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Growing passion: a driven junior officer’s perspective

  • Published
  • By Senior Airman Ryan Hayman
  • 7th Bomb Wing Public Affairs

Embarking on a lengthy journey across the ocean heading to a new land, a girl at the young age of 10 left her home in South Korea to somewhere that skyscrapers towered over her with heavy baggage in hand, welcoming her to a previously unknown environment -- the United States.

In the early ‘80s, Sunni Cho was exposed to abundant racism but persevered as she continuously adapted to her new home. She married and had two children, one of whom is now an officer in the United States Air Force.

Setting up for an unforgettable experience, U.S. Air Force 1st Lt. David Cho, 9th Expeditionary Bomb Squadron maintenance assistant officer in charge, reminisces about his family, culture and past for a greater future in the Air Force during his first Bomber Task Force mission at RAF Fairford, United Kingdom.

David said it was challenging for his mother due to the cultural differences she faced while raising her children, as she feared they would forget their Korean heritage.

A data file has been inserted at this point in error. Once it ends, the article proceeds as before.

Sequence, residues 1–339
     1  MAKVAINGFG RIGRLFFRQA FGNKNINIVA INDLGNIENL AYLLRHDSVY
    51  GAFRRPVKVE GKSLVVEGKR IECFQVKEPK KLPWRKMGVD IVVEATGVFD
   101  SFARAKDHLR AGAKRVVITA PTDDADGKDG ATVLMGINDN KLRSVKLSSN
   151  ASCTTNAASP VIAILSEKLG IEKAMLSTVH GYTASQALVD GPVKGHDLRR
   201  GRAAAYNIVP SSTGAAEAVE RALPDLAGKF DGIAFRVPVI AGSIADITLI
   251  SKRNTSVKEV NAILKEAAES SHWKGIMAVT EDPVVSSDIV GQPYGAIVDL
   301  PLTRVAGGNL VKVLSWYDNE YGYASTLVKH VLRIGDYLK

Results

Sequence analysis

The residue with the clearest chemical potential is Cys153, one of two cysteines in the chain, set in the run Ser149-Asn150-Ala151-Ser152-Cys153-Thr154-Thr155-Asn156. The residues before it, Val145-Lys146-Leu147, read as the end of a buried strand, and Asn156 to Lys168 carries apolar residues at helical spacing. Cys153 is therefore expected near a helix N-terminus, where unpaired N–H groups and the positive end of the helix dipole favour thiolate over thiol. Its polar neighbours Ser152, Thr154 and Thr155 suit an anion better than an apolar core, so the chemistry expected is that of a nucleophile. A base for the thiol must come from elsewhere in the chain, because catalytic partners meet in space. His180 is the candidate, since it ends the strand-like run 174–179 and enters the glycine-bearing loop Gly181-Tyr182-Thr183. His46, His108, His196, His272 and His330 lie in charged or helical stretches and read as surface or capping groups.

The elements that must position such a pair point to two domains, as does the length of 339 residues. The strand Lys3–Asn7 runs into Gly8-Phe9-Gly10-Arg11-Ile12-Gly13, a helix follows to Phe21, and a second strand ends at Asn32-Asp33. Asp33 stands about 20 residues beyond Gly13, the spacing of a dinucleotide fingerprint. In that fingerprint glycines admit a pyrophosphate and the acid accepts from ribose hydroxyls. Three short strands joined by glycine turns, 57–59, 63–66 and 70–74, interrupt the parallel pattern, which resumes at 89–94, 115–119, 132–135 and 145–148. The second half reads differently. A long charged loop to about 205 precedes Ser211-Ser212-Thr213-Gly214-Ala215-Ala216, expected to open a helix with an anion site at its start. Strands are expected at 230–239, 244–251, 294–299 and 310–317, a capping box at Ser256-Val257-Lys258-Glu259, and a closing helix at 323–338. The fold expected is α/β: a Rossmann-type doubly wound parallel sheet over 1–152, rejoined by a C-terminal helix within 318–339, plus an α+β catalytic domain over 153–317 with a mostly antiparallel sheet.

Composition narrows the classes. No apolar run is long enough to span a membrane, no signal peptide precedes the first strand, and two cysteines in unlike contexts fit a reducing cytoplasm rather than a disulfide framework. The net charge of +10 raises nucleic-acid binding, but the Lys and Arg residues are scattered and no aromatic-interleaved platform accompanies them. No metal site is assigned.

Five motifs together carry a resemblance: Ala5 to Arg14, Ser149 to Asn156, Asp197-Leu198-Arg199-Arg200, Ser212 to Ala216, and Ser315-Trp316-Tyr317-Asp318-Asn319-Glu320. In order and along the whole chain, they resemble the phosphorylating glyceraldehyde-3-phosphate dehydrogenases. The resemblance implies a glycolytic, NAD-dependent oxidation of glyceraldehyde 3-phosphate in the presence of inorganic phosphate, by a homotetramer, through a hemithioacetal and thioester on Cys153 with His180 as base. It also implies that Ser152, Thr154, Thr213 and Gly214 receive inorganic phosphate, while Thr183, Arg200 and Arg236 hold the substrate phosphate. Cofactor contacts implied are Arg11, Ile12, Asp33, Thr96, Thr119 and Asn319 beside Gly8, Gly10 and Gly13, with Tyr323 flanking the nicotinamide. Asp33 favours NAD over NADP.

“My parents always taught us about our culture; growing up, we celebrated Korean and American holidays,” said David. “Since I was born in the States, I’m Korean-American, not just Korean, but it helped shape who I am.”

As he grew older and embraced his Korean-American identity, he would later attend the University of North Carolina, where he learned about the Air Force ROTC program.

“I was heavily introverted before joining Air Force ROTC, as meeting new people was nerve-wracking, but I forced myself to get out of my comfort zone and learn to talk to people and make new friends," said David.

After graduating from UNC and receiving his commission, David has had a unique experience during his four years in the Air Force. He went from a combat systems officer in training to working in munitions, protocol, and now maintenance.

Due to the variety of jobs David has held so far, he expressed he has gained much more confidence in his abilities and made him a better person overall.
Recently, David gladly took the opportunity to be part of the 7th Aircraft Maintenance Squadron and lead Airmen for BTF 24-1, while getting to learn more about the B-1B Lancer.

"This was my one opportunity to experience this, I desired to go because it’s different. Munitions officers don’t deploy anymore, so this was the only chance I’d ever get,” said David.

David’s deployment experience not only fulfilled his ambition for something different but also ignited a newfound devotion for the Air Force.

“Before coming out here I wasn’t very passionate about the Air Force, but seeing the B-1B on the flightline and getting the opportunity to interact with my Airmen working hard in cold and rainy weather is my main drive on the BTF,” said David. “Every time I see that, I grow more passionate about my work.”